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R v. Thatcher, (1987) 1 SCR 652

Facts:Appellant was arrested and charged with causing the death of his exwife. On January 21, 1983, appellant's exwife was ferociously beaten and then shot to death. At trial, the Crown led direct and circumstantial evidence to prove that the appellant had personally murdered his exwife or, alternatively, that he aided or abetted the killer and was therefore guilty as a party to the offence pursuant to s. 21 of the Criminal Code. The bulk of the evidence tendered by the Crown was consistent with either theory. In defense, appellant adduced alibi evidence and denied any involvement in the killing.



In his charge, the trial judge instructed the jurors that the appellant could be found guilty of murder if they were satisfied beyond a reasonable doubt that he was the principal offender or a party to the offence under s. 21 of the Code. He explained briefly the position of the defense and spent considerable time summarizing the Crown's evidence. The jury returned a verdict of guilty of first-degree murder contrary to s. 218 of the Code. The majority of the Court of Appeal dismissed his appeal. He appealed to this Court.

Held: The appeal should be dismissed.

There was an evidentiary foundation to justify putting to the jury the Crown's alternative theory that appellant was a party to the offence under s. 21, rather than a principal. Where an accused is being tried alone and there is evidence that more than one person was involved in the commission of the offence, it is also appropriate for the trial judge to direct the jury with respect to the provisions of s. 21 of the Code, even though the identity of the other participant or participants is unknown and even though the precise part played by each participant may be uncertain. Here, there was very strong evidence connecting appellant with the crime. There was also some evidence, which, if believed, indicated that he did not commit the crime personally. The facts were for the jury, and the trial judge was correct not to preclude the jury from considering all the alternatives.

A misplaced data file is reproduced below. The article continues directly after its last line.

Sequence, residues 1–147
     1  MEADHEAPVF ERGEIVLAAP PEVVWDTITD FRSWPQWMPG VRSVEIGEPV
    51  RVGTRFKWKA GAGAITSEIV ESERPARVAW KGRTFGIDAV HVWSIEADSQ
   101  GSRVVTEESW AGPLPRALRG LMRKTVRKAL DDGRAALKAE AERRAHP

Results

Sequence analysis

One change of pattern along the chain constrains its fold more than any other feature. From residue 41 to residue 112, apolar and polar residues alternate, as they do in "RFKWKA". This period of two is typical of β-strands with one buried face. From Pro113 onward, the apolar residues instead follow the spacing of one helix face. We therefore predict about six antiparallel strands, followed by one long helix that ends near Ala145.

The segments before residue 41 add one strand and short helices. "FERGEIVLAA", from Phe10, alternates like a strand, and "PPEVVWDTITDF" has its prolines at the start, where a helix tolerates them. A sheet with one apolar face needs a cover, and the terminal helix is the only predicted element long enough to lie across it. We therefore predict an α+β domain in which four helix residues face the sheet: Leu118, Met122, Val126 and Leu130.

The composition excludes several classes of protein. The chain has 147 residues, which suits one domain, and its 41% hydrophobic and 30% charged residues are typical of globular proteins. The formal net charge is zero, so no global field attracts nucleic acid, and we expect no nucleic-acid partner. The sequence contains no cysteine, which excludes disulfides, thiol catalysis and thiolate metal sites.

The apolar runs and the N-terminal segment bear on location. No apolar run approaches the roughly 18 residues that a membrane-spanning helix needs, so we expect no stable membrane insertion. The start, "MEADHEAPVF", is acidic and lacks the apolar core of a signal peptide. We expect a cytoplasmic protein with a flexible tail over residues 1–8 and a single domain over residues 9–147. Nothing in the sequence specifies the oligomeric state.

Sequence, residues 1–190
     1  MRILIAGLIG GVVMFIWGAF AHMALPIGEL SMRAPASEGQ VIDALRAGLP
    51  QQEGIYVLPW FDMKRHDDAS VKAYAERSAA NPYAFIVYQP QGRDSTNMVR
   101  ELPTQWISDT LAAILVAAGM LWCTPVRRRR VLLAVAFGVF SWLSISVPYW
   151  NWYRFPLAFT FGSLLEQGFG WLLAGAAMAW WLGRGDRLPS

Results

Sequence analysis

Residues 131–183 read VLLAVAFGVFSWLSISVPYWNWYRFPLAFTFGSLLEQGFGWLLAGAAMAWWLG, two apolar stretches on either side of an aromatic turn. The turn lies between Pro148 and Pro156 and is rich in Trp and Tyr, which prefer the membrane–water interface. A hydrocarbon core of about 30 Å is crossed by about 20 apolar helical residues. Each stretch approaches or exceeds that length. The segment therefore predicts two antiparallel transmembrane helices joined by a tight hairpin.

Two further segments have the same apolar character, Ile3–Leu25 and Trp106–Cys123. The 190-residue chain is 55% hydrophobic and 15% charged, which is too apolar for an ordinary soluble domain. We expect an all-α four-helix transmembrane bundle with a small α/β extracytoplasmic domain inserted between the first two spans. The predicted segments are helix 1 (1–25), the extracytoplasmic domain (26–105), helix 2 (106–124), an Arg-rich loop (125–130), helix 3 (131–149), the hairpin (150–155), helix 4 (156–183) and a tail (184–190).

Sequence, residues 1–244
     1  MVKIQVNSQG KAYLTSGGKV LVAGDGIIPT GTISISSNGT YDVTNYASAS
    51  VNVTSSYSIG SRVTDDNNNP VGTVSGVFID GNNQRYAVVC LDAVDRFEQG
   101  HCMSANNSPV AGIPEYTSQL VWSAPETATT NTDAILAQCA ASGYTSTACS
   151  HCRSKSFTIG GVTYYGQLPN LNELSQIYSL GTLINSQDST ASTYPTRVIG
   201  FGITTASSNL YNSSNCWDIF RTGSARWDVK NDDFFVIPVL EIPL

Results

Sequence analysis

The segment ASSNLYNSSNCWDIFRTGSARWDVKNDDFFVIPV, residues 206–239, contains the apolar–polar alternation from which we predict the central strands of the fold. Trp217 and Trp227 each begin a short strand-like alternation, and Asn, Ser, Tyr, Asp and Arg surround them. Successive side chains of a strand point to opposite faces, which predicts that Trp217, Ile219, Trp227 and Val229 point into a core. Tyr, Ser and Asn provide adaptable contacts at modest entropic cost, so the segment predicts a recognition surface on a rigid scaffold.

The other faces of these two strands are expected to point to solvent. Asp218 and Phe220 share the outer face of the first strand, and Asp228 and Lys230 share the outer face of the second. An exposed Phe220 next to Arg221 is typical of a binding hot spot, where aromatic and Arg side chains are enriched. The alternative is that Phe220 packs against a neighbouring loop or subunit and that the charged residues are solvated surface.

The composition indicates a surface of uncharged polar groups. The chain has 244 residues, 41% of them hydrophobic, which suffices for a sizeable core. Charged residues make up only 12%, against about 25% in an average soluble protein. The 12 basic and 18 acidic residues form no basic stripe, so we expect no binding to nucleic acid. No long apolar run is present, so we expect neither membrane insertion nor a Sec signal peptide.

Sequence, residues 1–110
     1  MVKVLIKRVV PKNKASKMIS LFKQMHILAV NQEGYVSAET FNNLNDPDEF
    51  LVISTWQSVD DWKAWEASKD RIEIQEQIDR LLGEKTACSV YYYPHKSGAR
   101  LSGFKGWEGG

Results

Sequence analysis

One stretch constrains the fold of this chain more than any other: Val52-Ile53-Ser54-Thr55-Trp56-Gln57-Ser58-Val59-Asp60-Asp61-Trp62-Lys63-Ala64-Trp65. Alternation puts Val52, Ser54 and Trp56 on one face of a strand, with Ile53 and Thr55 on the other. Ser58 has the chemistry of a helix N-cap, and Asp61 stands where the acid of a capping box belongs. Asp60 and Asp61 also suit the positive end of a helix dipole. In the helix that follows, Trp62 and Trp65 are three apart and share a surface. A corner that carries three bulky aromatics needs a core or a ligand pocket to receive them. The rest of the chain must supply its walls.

Per Dickson C.J. and Beetz, Estey, Wilson and Le Dain JJ. Section 21(1) of the Criminal Code is designed to make the difference between aiding and abetting and personally committing an offence legally irrelevant. It provides that either mode of committing an offence is equally culpable and, indeed, that whether a person personally commits or only aids and abets, he is guilty of that offence‑‑in this case, murder‑‑and not some separate distinct offence. There is no need for the Crown to specify in the charge the nature of an accused's participation in the offence. Where there is evidence before a jury that points to an accused either committing a crime personally or, alternatively, aiding and abetting another to commit the offence, provided the jury is satisfied beyond a reasonable doubt that the accused did one or the other, it is a matter of indifference which alternative actually occurred. It follows that s. 21 precludes a requirement of jury unanimity as to the particular nature of the accused's participation in the offence. · R v. Thatcher, (1987) 1 SCR 652